Compared to 2014 the amount of major updates to Google’s ranking algorithms was quite small in number, however those that were released had a major impact on Business Owners, Online Marketers and searchers. Here’s an overview of what was implemented in 2015:

April: Mobile Friendly AKA Mobilegeddon

In a somewhat unusual move Google announced this update ahead of time, giving website owners a chance to make their websites “mobile friendly” in order to not lose traffic from searchers using their mobile device. The update is quite simple: if your website is not responsive and doesn’t provide a positive experience for visitors using their mobile device, your website won’t perform as well in the search results.

The algorithm operates on a page by page basis, so if your website isn’t completely mobile friendly but some pages are they could still benefit. There are no different grades of “mobile friendliness” – a page is either mobile friendly or not!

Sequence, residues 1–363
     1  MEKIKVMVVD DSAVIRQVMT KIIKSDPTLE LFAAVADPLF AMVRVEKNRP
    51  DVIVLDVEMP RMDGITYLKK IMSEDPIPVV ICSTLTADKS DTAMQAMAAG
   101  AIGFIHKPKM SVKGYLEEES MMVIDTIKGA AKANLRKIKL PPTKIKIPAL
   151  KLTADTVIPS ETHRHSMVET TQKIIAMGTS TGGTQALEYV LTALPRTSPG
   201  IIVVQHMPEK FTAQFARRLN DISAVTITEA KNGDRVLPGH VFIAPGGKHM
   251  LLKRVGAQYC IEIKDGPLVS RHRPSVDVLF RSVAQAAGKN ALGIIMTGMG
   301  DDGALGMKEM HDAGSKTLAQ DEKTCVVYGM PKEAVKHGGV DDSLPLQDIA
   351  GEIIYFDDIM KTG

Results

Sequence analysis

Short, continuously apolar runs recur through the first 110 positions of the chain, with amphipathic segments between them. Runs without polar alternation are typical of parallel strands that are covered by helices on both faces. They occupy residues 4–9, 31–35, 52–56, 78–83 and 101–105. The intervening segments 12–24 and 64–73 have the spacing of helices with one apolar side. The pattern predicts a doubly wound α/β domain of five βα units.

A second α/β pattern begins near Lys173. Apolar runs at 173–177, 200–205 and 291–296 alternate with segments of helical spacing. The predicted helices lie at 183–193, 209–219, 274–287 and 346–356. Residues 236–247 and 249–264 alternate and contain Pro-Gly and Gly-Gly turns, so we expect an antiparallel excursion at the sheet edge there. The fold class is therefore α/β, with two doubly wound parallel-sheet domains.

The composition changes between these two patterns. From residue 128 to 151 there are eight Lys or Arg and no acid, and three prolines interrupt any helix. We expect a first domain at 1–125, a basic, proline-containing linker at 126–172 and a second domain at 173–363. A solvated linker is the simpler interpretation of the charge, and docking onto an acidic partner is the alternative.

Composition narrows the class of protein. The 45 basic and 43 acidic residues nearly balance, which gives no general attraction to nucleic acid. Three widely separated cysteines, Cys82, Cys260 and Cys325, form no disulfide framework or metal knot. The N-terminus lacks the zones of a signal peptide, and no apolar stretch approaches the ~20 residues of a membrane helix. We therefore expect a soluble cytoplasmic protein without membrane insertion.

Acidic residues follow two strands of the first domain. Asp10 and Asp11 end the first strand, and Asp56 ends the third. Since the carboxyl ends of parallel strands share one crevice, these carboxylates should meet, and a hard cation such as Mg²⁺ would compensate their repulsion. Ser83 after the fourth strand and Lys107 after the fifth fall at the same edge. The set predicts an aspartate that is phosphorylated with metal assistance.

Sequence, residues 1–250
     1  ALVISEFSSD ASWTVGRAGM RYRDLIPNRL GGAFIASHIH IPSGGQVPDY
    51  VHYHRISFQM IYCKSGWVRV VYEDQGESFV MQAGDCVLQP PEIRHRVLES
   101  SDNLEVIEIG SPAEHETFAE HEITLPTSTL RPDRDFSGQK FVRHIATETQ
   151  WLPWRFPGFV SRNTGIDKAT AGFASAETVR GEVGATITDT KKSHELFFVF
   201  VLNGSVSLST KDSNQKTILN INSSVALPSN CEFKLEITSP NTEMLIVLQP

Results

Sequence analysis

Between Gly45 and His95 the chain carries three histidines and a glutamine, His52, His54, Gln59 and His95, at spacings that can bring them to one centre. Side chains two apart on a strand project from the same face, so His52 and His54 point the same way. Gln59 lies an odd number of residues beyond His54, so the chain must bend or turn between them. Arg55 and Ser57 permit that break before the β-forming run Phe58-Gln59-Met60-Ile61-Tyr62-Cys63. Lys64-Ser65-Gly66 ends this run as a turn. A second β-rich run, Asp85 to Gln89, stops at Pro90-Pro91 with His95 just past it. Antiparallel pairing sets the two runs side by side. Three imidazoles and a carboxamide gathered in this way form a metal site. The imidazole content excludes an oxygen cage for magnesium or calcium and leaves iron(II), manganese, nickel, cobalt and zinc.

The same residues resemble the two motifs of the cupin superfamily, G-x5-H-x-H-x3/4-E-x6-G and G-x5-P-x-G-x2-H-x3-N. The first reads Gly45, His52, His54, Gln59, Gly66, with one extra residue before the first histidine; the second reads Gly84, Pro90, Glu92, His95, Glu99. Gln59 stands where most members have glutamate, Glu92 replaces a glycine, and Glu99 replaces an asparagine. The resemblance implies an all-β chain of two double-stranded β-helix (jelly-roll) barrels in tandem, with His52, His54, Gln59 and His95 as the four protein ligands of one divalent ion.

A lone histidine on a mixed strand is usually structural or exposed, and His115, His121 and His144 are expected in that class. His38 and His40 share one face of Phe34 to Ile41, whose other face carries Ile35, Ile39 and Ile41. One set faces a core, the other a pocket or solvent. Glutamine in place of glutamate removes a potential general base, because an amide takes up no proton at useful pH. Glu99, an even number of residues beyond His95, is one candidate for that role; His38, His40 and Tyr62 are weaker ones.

To quickly determine if your web pages are “mobile friendly”, Google released a Mobile Friendly Testing Tool.

May: The Quality Update

In May there were changes to Google’s core ranking algorithm in terms of how it processes quality signals. It was initially believed to have centred around the Panda update, but Google was quick to deny that.

Specifics of how quality was assessed wasn’t released, with Google sticking with the statement of the quality pages being determined by a wide range of individual factors. Some of those factors are now being weighted differently to before.

July: Google Panda 4.2

In July Google announced that the first update in ten months to its Panda Algorithm had been launched. The rollout was slow and website owners that had previously fallen victim to the algorithm did not see an upward turn in their Google traffic overnight.

We covered the story more here.

October: Rank Brain

October saw the news emerge that Google had been using a machine-learning artificial intelligence system called “RankBrain” to help sort through its search results since near the start of 2015.

Google told Bloomberg that a “very large fraction” of queries are being processed by RankBrain. Interestingly in terms of learning, RankBrain does this offline, by being given batches of historical searches and learns to make predictions from these.

If those predictions are tested and if proven good, then the latest version of RankBrain goes live. Then the learn-offline-and-test cycle is repeated.

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